3 Annotations

First Reading

Terry F  •  Link

MEYNELL, Francis
Ald Aldersgate, 7 Feb 1659/60-17 Dec 1663 removed to Cordwainer-6 Oct 1666 (d) (1) Lombard Street, by 1650-66, St Mary Woolnoth, 1652, Broad Street, post-Fire, Tooting, Surr (2) GOLD, not of L, Oct 1660 (3) d 6 Oct 1666, bur Tooting, Surr (4) Will pr in Court of Delegates, Dec 1667, and PCC 23 Drax pr, 5 Feb 1682/3 f Godfrey Meynell of Willington, Derbs, gent, m Dorothy, da of John Whitehaugh of Whitechapel, Middx, mar Sarah (4) Goldsmith and banker A corner stone of government finance Combined with Edward BACKWELL and Thomas and Robert VYNER in specific government loans His personal estate took ten years to call in (5) Land Derbs, Kent, Berks, Notts (6) Sheriff, 1661-2 (7) Bro of Richard MEYNELL Bro Isaac Maynell continued the business in Lombard Street after the Fire (8)
(1) Beaven, I, pp 6, 118 (2) Heal, London Goldsmiths, p 205 Hilton Price, Old Lombard Street, p 110, will (3) Beaven, I, p 6, TLMAS, VI, pp 30-1 (4) Boyd 2223 (5) Heal, London Goldsmiths, p 205 See Cal Treas Bks, I, II, passim, CSB, II, 75, 112b, 242b, 382, III, 20b-23, IV, 32 Invs give an indication of the scope of his lending (6) Will (7) Beaven, I, p 6 (8) Will of Richard MEYNELL, Heal, London Goldsmiths, p 205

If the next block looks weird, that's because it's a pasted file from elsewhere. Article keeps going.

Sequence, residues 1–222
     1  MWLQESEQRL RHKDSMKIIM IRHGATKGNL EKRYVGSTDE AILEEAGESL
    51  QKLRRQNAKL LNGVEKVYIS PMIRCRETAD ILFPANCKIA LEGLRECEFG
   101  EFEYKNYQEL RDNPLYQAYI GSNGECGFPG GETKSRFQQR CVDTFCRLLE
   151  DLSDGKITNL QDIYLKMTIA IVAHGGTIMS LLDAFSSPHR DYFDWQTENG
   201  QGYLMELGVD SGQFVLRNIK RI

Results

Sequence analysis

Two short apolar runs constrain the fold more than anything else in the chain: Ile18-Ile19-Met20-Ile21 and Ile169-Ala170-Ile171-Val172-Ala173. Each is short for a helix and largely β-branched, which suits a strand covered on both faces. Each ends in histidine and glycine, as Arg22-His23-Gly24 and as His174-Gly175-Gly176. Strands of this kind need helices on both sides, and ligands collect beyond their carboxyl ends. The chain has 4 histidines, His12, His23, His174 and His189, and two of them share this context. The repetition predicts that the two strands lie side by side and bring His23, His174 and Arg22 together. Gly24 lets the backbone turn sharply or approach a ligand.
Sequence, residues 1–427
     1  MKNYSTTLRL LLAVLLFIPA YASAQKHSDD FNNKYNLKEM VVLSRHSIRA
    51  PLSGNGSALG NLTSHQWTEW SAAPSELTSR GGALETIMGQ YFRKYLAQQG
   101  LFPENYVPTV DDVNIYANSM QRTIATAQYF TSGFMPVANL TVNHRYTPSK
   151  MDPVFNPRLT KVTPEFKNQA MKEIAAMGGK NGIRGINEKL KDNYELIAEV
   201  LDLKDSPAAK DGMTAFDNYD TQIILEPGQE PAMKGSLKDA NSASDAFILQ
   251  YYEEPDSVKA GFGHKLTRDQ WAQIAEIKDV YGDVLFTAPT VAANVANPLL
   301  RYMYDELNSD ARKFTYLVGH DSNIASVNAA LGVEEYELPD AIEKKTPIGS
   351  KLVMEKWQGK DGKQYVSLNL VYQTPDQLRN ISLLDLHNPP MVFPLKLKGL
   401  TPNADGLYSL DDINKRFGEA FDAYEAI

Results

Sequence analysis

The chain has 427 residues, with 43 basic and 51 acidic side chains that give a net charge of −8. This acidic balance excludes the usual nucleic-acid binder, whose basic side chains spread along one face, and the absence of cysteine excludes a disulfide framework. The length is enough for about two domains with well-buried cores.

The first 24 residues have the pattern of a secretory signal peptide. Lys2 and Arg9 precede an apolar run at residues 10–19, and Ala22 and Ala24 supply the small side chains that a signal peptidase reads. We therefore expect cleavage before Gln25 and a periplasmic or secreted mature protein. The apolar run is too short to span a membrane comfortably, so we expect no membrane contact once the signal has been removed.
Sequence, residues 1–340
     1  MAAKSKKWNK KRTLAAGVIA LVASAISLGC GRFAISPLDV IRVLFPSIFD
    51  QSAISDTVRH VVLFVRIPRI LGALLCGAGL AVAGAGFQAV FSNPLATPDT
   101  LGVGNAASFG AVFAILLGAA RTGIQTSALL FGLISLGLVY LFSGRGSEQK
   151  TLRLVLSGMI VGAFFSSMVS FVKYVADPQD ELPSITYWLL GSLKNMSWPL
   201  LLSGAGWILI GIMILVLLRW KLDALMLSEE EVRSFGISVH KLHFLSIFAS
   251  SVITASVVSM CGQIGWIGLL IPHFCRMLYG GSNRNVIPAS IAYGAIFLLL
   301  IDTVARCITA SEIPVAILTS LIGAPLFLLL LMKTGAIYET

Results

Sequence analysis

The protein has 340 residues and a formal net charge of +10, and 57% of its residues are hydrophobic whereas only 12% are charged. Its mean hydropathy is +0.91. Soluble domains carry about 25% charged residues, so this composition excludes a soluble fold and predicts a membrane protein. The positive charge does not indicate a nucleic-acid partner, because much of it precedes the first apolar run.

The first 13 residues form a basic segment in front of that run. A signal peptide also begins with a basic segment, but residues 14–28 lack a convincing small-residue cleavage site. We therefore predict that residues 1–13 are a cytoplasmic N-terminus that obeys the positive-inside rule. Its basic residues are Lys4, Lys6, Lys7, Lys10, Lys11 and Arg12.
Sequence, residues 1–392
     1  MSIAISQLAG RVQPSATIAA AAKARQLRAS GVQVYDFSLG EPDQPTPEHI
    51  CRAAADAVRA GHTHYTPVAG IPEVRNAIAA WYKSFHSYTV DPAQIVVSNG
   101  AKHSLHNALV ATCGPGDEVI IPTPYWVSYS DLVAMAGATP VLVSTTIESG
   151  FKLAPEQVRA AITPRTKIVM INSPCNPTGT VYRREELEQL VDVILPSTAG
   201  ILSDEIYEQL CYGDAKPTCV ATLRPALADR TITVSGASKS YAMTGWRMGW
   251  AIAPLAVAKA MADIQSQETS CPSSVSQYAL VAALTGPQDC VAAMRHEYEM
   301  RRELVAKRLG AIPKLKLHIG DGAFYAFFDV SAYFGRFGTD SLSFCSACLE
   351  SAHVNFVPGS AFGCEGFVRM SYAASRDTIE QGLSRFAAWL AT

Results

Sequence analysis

From: 'Maycock - Mynne', The Rulers of London 1660-1689: A biographical record of the Aldermen and Common Councilment of the City of London (1966), pp. 101-19. URL: http://www.british-history.ac.uk/…. Date accessed: 18 September 2005.

Pauline  •  Link

from L&M Companion
Meynell, Ald. Francis (d. 1666). Goldsmith, of Lombard St; one of the principal Government bankers. His personal estate is said to have taken ten years to settle.

Second Reading

Bill  •  Link

Alderman Francis Meynell was a goldsmith and banker in London, and then one of the Sheriffs. He was the third son of Godfrey Meynell, of Wellington, in Derbyshire, and died in 1666; his father was buried at Langley, in that county, where their descendants still possess property. Hugo Charles Ingram Meynell, of Hoare Cross, Staffordshire, and Temple Newsome near Leeds, is the present representative of the family. Sir W. Dugdale, in his Diary, mentions his having defaced the achievements which had been hung up at Bradley, in Derbyshire, where the Alderman was interred; not, as it would seem, from any doubt as to that gentleman being entitled to bear arms, but because a London painter had been employed to blazon the shield, who had not obtained the sanction of the Heralds' Office, and thereby excited their jealousy, at a moment when their occupation was on the decline.
---Diary and correspondence of Samuel Pepys, the diary deciphered by J. Smith. 1854.

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